Part of a rather lengthy list of Disney/Pixar films that have passed me by over the years, I finally decided to watch Pixar’s 2012 Academy Award winner this afternoon.
As you may know, it’s about feisty, flame-haired Scottish princess Merida, Pixar’s first female protagonist, as she fights with her mother over being made to follow tradition and marry an eligible suitor. After visiting a witch and obtaining a spell to change her mother and her fate, she inadvertently allows her mother to be turned into a bear and the two of them must repair their bond before the spell becomes permanent.
Merida is a wonderful character: a spirited, passionate, rebellious young woman who is an accomplished archer and hunter, giving Katniss Everdeen a good run for her money! Thoroughly likeable, even in scenes where she fights with her mother, she is brought to life excellently by Kelly MacDonald and is truly one of Disney/Pixar’s most admirable presences. In addition, Emma Thompson is excellent, as you would expect, as Queen Elinor as is Julie Walters who voices the witch marvellously. Plus, you’ve got the likes of Billy Connolly, Kevin McKidd, Craig Ferguson and Robbie Coltrane in supporting roles and they are all spot on.
The film’s dramatic moments, particularly those during the finale, are very exciting and tense, as exciting as any live-action film and in addition, the final heartfelt moment is truly touching and definitely brought a tear to my eye. And of course, the ol’ Disney humour is found throughout, mainly down to Billy Connolly’s King Fergus and Merida’s troublesome triplet brothers. The sparingly used music is also excellent.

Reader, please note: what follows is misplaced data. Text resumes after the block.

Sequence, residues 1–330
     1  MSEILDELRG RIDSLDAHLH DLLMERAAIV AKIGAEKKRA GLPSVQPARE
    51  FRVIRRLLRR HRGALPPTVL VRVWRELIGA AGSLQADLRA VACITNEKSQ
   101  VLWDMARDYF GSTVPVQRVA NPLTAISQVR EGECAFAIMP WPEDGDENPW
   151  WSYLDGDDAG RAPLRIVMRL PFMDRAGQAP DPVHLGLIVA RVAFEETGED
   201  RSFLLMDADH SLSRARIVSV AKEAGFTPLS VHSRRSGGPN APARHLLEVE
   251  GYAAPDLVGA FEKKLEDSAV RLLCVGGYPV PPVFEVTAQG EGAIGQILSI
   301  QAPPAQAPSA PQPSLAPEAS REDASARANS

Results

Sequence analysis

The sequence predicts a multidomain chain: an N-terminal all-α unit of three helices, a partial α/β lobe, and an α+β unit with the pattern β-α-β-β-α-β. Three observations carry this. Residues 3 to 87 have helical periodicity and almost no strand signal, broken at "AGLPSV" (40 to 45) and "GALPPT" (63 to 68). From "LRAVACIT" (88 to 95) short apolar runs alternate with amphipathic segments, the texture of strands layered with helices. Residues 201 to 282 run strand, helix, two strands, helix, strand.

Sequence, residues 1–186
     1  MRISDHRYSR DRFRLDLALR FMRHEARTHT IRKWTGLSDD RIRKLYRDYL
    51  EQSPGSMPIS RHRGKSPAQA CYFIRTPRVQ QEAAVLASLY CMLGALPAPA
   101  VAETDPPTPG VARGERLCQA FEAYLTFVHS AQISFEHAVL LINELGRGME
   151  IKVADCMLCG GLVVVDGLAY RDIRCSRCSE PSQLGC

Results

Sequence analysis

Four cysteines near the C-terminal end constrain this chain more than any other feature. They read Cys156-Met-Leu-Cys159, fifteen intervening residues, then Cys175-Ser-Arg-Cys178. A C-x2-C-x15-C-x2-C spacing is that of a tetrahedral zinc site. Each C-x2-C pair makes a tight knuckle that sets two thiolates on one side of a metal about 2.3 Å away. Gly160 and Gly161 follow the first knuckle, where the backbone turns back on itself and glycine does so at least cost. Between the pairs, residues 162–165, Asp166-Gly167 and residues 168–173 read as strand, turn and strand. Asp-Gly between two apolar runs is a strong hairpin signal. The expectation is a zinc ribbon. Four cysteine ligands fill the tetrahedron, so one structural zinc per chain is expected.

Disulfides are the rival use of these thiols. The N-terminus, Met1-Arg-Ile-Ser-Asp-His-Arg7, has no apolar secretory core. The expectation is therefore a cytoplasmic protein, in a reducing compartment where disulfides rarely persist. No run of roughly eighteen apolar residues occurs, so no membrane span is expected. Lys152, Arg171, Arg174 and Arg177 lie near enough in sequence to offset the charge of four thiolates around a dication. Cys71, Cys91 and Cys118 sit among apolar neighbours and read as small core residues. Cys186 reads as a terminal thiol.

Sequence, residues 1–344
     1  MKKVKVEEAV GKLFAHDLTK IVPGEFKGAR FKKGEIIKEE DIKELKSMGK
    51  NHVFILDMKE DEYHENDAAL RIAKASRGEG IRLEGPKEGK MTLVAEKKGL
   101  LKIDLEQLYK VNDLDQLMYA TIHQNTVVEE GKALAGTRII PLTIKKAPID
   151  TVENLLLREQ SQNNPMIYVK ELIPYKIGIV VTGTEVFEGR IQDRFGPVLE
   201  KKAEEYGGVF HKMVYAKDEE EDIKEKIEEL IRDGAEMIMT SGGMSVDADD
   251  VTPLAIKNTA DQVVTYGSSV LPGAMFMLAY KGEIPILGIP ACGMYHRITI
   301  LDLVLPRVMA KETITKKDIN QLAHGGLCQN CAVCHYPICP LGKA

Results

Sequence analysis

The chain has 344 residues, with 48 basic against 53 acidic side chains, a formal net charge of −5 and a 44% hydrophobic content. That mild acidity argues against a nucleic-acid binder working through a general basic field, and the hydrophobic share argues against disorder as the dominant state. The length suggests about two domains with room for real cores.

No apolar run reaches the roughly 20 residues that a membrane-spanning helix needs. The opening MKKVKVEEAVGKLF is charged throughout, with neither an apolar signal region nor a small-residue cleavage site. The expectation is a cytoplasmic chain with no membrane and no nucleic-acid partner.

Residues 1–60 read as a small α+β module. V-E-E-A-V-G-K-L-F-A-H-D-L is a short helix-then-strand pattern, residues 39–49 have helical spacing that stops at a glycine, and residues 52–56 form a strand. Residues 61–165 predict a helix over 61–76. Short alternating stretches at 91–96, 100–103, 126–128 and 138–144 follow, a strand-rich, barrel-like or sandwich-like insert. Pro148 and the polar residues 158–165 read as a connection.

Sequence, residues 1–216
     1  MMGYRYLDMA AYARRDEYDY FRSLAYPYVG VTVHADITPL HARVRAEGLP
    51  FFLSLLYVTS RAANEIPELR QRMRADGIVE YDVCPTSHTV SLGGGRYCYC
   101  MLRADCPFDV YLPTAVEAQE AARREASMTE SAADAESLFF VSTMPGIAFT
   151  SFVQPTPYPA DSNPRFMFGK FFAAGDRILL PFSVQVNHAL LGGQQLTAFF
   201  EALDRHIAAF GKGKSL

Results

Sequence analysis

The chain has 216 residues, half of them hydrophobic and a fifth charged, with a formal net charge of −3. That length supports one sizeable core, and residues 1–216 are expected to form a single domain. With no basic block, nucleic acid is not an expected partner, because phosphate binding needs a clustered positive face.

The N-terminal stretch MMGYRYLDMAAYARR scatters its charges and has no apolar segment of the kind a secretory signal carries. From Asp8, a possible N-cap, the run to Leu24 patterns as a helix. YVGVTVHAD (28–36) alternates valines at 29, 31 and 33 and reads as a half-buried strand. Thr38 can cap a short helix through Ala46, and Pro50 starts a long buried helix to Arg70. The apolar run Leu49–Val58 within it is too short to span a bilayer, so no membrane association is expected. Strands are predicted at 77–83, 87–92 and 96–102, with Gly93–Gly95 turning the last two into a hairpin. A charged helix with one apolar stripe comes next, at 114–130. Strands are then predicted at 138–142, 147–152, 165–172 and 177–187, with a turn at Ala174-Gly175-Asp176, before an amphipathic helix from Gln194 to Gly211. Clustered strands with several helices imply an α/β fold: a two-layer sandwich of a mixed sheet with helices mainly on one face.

Brave certainly has those Disney tropes that we have all come to know; the rebellious princess yearning for her own path, much like Princess Jasmine and Moana, so I’ve heard, as well as spells, comedic sidekicks and a task that must be completed before a given time but in a refreshing change, Merida doesn’t have a love interest and she doesn’t marry Prince Charming at the end. Ultimately, this is great to see, making a change from Disney “tradition” and it’s great that the filmmakers focus primarily on the mother/daughter bond; Merida don’t need no man to fight her battles!
The film has something of the female empowerment vibe about it as many of the male characters simply want to fight each other and boast of their legendary exploits, leading to characters like Queen Elinor and eventually Merida to be the voices of reason, getting them to act responsibly and to see sense. Having these credible, passionate, strong, smart women in the movie is commendable and greatly add to the film’s merits.